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Today is the fifth year.

I try not to think so much when this day comes. Every year that I am still here, bearing witness to a growing number of blood relatives and friends close enough to call family, the realization that my own family consists of just a mother and a son adds more weight on my shoulders.

I watch as everyone walks around easily, like a picture of a Sunday family picnic at the park. This small gathering of people reminds me of the past, the present and the future. As if my life has already been written out as a play of several acts. I respond to every smile directed to me. I accept and return hugs given to me. Sometimes I feel my emotions pulling me in different directions. Happy that I am part of this group of people; sad about the way things happened; angry that I was robbed of more time to make pleasant memories; bitter that the memories are becoming more faint each year.

"Do you still miss him, mami?"

I smile sadly at Fernando, careful not to give any indication that my eyes are burning with tears that are threatening to spill. He returns my smile, also sad, but does not wait for my answer. He gives my shoulder a small squeeze, letting me know that he knows and that he does not require a response. He goes back to the picnic table where the others are.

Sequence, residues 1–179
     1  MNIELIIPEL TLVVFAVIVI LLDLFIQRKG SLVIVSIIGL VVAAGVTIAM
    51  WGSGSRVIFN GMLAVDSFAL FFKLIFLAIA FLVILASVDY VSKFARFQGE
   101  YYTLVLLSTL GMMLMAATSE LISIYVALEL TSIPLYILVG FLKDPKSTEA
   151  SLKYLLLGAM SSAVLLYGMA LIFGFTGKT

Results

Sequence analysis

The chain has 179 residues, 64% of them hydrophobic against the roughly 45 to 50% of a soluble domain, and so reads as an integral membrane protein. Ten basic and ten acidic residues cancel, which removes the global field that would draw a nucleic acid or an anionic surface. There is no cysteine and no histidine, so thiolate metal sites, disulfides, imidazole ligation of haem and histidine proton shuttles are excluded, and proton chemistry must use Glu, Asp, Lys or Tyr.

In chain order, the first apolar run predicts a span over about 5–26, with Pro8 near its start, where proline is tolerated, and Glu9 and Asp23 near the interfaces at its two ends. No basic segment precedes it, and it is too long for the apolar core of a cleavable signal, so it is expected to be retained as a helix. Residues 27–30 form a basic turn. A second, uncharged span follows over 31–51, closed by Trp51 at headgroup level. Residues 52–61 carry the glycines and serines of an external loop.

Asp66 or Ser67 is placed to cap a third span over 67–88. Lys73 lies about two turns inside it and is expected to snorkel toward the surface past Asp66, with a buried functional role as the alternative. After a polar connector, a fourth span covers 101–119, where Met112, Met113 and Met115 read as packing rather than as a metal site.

I walk a few more feet away from them, feeling the sand turn wet where the crash of sea water meets the shore. I lift my left food and wiggle my toes. I count them and almost laugh out loud when I reached ten. Because there was once a time when I was also counting toes but unlike mine, I finished counting at eight.

"Do you still miss him, Sara?"

I need not turn to know Alex was behind me. I lift my shoulders in a half shrug, a sign that says either, "I do" or "I don't know". Alex places a hand on my shoulder, the same one Fernando squeezed. He removes his hand as quickly as he held it, because I know he knows the answer too. I hear the sand swish under his feet as he quietly walks away.

I am alone again.

I make a small detour, not quite ready to rejoin the group. I see it, the headstone. Every step towards it grows heavier and heavier until I stop a few steps away from it.

10.8.1974 - 11.4.2005

I know the epitaph by heart. Even with my eyes closed, I can see the gray headstone in my mind as if it were only put up last week. I did not notice LJ come up beside me, his hands inside his pockets and he's shuffling from one foot to the other.

"Back when we thought you were...gone...I gave Uncle Mike the origami rose. I gave it back to him."

I nod slowly, as if to tell him that I know and I understand. As if the story has not been told so many times in the past. I was grateful and a bit relieved when he did not start with, "Do you still miss him?".

He turns to leave but turns back around to face me.

"Do you still miss him, Aunt Sara?"